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Spoonerisms: Twisted Tongues and Mangled Words
What is a Spoonerism?
A spoonerism is “the accidental transposition of initial sounds or syllables of two words, usually with humorous results, as roaring pain for pouring rain.” The word is derived from Dr. William Archebald Spooner (1844-1930), an apparently nervous reverend/teacher. While spoonerisms are commonly slips of a tangled tongue, they can be employed intentionally as a humorous play on words.
His most renowned spoonerism was supposedly at a church service, when the congregation overheard him say to a parishioner, “Mardon me, Padam, but this pie is occupewed—may I sew you to another sheet?” It is very doubtful that Dr. Spooner said this, as many such spoonerisms were attributed to him which he insisted he did not say.
A spoonerism is a transposition and a form of malapropism, which is defined as an absurd or humorous misuse of a word, especially by confusion with one of similar sound ("A witness shall not bear falsies against thy neighbor." - Archie Bunker in All in the Family.) Indeed, a malapropism does not have to be amusing or surprising, nor be based on a cliché, nor does it have to be intentional. There need be no play on words nor hint of deliberate pun. In a Time magazine essay on slips of the tongue, Roger Rosenblatt says many malapropisms are "uninteresting," but that "spoonerisms are a different fettle of kitsch."
Who is Doctor Spooner?
Spocter Dooner...er...Doctor Spooner was a warden – comparable to a university or college president – of New College at Oxford University, who is credited with having made many such transpositions. He first arrived at New College as an undergraduate and remained for more than sixty years, serving as Fellow, Lecturer, Tutor, Dean, and finally Warden. His lecture topics included ancient history, divinity, and philosophy.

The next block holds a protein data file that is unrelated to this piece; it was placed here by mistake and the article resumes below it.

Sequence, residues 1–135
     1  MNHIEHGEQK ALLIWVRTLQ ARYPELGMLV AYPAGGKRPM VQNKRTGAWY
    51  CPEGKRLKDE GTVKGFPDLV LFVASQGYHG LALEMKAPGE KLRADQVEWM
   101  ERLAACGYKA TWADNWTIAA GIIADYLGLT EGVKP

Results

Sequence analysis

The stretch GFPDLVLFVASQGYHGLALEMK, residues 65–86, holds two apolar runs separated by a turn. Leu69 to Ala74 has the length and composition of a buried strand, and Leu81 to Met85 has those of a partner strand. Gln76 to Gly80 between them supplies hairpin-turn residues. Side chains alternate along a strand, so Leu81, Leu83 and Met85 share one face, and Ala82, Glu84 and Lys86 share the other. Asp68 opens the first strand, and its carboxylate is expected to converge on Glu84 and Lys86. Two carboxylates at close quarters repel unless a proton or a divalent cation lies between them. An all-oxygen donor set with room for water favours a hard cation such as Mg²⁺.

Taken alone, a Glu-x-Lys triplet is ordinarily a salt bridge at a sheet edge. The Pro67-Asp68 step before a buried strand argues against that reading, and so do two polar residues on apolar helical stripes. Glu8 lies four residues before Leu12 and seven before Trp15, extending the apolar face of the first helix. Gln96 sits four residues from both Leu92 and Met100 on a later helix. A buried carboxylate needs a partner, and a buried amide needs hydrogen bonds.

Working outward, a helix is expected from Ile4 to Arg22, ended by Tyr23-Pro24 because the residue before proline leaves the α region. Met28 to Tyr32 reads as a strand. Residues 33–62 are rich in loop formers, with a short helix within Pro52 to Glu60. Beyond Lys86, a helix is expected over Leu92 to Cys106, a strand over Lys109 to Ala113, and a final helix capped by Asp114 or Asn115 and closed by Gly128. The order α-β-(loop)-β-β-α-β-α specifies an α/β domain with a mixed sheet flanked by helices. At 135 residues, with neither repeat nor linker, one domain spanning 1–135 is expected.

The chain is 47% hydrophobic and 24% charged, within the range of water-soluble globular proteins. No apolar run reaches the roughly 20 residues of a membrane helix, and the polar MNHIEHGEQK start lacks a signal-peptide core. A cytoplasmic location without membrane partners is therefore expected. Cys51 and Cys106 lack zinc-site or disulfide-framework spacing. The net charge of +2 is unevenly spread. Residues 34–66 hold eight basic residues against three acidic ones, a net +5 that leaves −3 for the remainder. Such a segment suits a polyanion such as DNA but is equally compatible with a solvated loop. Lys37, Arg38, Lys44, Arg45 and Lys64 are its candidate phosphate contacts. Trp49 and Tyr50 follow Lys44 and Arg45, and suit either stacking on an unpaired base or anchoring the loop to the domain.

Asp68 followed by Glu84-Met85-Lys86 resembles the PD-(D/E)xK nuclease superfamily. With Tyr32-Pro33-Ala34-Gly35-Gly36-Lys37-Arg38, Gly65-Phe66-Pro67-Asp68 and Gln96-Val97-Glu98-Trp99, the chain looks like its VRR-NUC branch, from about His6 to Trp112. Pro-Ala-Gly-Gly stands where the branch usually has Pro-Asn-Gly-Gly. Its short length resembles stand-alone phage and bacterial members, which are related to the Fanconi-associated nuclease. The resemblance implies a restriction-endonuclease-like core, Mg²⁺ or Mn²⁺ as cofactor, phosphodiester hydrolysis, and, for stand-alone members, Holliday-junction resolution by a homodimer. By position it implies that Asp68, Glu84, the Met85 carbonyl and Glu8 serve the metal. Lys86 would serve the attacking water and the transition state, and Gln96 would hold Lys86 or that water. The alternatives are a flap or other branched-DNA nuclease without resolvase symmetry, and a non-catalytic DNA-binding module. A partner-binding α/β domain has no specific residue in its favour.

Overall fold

Spooner was an odd looking man, but was extremely well liked and respected. He was described as an albino, small, with a pink face, poor eyesight and a head too large for his body. His well-earned reputation was that of a genial, kindly, hospitable man.
The History of Spoonerisms
Did the first English spoonerism date back to the days of King Arthur? Many people believe so, beginning when young Lancelot couldn't afford a horse and rode a St. Bernard instead. He supposedly was told, “I wouldn't send a knight out on a dog like this.”
In truth, Henry Peacham (the younger) is credited with documenting
the first spoonerism in print in his 1622 manners book, The
Complete Gentleman, when he recounted: “A melancholy
gentleman, sitting one day at a table where I was, started up upon
the sudden, and, meaning to say 'I must go buy a dagger,' by
transposition of the letters, said: 'Sir, I must go dye a beggar.'"
Throughout 19th-Century England, creating puns and word transpositions was enjoyed as a lively game. Some humor historians propose that the fad began around 1854 following the publication of a series of novels by Cuthburt Bede (a pseudonym for Edward Bradley) about a student at Oxford who often spoke with accidental reversals, such as “poke a smipe” for “smoke a pipe.” Medical students in London particularly enjoyed the game, and the transpositions were known as “Medical Greek” or “Hospital Greek.”